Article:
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Actually,watching this I was reminded of Mezzo,or Solty rei,similar detective agency themes.While I really enjoy these films,they are episodes and I can't usually watch all of them back to back.I've seen three episodes so far and think it's great,I'm glad I bought the collection.
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4 of 4 people found the following review helpful
A detective noir with a heaping helping of anime sensibilities11 Oct. 2011
- Published on Amazon.com
Ah, anime. Never content to just tell a simple story, they have to throw in every trick in the book and several from out of it to create something completely bonkers. Such is the case with Glass Maiden also known as Crystal Blaze. It has all the elements of crime noir, a womanizing detective, the determined crime boss, the heartless assassin, the dogged reporter, and even the kid sidekick.
But then you get the whole sci-fi angle, with the women turning into glass, the mad scientist bent on creating the perfect weapon (who happens too look like a little girl), and whole doctor who has his nurse perform S&M games with him.
The result is a show that ranges from exciting and intense to intensely goofy. Shu is a darn cool character, but we end up knowing little about him. Most of the series is focused on where the glass maidens come from and the antics of Manami and Ayaka. This does two things. It keeps the series interesting by constantly shifting focus. But it also ends up with that odd tone disconnect. Some scenes go for over the top laughs others go from mystery and suspense.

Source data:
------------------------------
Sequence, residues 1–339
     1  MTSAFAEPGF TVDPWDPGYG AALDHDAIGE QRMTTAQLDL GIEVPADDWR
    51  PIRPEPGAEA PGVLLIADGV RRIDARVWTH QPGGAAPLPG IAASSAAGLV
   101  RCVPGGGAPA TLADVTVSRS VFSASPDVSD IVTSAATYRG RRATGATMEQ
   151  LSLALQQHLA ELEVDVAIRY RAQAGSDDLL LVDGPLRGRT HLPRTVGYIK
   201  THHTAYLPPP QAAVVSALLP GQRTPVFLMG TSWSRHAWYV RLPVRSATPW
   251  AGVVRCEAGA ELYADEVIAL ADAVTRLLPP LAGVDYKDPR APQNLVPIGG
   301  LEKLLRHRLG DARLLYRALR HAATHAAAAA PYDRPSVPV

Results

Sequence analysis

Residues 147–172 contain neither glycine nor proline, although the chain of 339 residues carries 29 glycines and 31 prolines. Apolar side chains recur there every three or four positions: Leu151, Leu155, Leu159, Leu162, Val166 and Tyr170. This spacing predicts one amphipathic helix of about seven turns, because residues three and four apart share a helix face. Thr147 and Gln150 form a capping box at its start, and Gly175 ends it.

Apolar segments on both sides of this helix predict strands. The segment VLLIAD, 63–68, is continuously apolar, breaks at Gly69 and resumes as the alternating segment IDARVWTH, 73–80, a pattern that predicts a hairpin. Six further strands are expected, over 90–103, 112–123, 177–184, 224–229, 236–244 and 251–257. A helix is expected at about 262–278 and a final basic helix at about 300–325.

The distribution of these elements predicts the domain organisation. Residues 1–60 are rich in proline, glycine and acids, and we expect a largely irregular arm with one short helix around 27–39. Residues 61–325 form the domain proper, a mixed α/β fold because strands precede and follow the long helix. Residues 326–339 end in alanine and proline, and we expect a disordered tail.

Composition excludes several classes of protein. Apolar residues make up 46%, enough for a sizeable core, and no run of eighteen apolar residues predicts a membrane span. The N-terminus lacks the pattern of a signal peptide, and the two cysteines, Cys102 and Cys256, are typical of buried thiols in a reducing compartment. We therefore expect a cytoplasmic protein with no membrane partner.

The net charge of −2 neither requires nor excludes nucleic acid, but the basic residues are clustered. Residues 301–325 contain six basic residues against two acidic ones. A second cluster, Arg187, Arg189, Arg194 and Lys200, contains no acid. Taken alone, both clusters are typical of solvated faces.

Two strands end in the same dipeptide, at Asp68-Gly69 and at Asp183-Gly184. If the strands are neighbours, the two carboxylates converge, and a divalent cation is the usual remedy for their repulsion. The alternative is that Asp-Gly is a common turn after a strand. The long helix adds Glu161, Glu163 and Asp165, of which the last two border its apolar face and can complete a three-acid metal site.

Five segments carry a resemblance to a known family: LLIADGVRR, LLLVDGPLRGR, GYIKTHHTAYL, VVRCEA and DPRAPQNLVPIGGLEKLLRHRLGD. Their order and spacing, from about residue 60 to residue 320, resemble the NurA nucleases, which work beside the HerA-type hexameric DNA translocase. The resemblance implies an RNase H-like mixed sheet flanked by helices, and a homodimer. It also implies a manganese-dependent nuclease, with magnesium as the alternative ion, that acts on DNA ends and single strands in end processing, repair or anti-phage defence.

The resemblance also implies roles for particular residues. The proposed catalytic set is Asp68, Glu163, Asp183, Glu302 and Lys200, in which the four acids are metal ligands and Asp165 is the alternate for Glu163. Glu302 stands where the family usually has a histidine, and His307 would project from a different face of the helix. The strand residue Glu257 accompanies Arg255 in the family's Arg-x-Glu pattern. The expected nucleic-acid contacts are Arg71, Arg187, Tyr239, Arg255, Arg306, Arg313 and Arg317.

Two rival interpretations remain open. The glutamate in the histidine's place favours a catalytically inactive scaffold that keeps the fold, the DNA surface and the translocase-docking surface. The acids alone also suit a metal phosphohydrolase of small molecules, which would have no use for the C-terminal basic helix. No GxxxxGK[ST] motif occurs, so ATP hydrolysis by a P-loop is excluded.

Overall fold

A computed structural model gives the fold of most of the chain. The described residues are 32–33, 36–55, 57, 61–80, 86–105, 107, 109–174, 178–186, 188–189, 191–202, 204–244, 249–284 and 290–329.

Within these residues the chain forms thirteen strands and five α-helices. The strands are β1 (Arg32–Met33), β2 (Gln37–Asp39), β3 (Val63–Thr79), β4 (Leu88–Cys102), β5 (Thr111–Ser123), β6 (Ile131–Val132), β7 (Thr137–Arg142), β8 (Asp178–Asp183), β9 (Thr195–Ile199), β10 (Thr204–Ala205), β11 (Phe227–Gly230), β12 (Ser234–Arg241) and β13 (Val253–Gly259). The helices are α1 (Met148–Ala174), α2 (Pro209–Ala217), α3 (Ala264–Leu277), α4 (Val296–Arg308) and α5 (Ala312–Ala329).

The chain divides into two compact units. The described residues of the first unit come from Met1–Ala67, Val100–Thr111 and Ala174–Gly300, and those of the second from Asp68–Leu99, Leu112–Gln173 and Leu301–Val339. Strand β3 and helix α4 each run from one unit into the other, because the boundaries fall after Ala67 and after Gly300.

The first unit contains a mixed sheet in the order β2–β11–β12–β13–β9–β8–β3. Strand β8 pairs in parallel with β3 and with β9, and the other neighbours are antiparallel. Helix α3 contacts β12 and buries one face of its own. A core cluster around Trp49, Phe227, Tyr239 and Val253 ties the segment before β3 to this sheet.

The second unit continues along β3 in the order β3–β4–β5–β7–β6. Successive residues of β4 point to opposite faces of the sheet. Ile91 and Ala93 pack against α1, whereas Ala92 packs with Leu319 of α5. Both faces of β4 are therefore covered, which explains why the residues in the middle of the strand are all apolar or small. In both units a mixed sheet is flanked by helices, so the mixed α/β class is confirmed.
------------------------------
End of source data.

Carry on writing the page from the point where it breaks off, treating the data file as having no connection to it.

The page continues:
Roman Martel, DVD Verdict --We also get a lot of cliche anime moments and characters. Ayaka is that typical character that is melancholy and monotone and usually turns out to be a robot. The main villain is your typical cold, calm and cruel scientist type whose sociopathic devotion to his research overpower everything else. The end result is something that just doesn't quite click. Glass Maiden never becomes bad or uninteresting, but I wish they would have gone with a straighter story, fewer comedy characters, and a harder edge. Something closer to Phantom: Requiem for the Phantom in tone would have been more interesting.
The animation is solid with a pleasing character design and some interesting backgrounds and settings. Most of the action scenes are fluid and fast paced and there are plenty of them. Anyone looking for some fan service will be pleased to note that most of the glass maidens end up nude at some point. I also enjoyed the musical score by Ryo Sakai who worked some jazzy pieces in with the unnerving suspense and horror material.
Maiden Japan puts all 12 episodes on two discs. The 1.78:1 standard definition image is nice and clean with solid blacks and ample clarity. The Dolby 2.0 stereo Japanese mix balances the dialogue and the music just fine. No English dub here. The only extras are clean opening and ending credits.